South African lawyers attempt to put Bashir on trial

South African judges and a group of litigation lawyers have been praised for trying to get Sudan's President Bashir to appear at the International Criminal Court - even though the state seems to have made it easy for him to get away.

The ANC has spoken out against the Hague-based International Criminal Court jan kranendonk

The Hague-based International Criminal Court (ICC)  claims that the Sudanese President Omar Hassan Ahmad Al Bashir 'committed the crimes of genocide, crimes against humanity and war crimes in Darfur'.  He faces 10 charges of genocide, crimes against humanity and war crimes, for which a warrant of arrest was issued in 2008. When in South Africa at the  weekend for a meeting of the African Union, President Bashir was subject to the issuing of a court order to prevent him leaving the country. On Monday morning, after the President's departure from South Africa, Judge Dunstan Mlambo ruled that the government's failure to arrest him was inconsistent with the South African constitution. The South African Litigation Centre also played a prime role in challenging the behaviour of the government.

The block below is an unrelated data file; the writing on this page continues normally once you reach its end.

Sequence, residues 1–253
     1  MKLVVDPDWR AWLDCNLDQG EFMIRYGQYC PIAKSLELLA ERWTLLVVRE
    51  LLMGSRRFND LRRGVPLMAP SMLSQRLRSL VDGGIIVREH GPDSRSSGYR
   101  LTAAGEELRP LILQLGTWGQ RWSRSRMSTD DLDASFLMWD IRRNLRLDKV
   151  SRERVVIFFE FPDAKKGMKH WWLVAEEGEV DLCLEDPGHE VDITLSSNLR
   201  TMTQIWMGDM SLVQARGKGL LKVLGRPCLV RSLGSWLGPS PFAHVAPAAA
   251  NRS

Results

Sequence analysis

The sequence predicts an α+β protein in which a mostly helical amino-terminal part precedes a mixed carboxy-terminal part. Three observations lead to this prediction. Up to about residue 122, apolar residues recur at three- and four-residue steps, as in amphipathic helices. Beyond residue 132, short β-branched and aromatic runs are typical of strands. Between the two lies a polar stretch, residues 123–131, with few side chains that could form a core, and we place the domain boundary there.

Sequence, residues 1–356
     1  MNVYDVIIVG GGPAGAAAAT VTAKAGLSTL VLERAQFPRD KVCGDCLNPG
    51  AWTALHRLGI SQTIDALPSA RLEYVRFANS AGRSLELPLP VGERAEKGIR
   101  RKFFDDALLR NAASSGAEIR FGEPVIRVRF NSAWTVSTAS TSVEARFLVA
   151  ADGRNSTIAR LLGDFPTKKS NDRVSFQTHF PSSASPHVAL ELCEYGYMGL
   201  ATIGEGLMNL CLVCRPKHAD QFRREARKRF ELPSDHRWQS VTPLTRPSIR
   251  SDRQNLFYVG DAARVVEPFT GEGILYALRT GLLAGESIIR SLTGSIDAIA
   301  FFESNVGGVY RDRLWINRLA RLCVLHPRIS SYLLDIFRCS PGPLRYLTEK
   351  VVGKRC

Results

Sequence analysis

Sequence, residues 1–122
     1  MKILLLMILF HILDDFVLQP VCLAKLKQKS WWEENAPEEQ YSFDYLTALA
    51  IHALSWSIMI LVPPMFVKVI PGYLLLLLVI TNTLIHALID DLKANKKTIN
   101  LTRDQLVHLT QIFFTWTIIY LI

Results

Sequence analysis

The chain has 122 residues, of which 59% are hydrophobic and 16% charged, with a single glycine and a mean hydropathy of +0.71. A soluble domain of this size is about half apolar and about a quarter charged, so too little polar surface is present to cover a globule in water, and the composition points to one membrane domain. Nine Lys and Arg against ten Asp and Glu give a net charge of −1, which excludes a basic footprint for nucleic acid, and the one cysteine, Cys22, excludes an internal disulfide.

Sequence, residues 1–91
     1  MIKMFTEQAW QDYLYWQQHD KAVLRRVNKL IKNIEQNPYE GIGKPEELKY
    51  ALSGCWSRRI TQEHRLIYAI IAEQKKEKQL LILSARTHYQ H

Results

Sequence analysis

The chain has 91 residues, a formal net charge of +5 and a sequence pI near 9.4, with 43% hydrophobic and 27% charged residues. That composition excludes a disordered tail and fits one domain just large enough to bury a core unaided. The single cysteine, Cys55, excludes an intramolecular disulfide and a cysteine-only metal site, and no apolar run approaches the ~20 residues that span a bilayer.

ICC opposed by ANC

However, the ruling ANC party said through a spokesman that the ICC is 'no longer useful for the purposes for which it was intended'. The African Union itself is also opposed to the ICC. Writing in Time, the founding director of the Enough Project, John Prendergast, said: 'Undoubtedly, South Africa’s judges and lawyers are this story’s heroes...Despite head of state opposition, creative lawyers, civil society groups in Africa are recapturing the best of the legacy of Nuremberg. Sources ICC and Time

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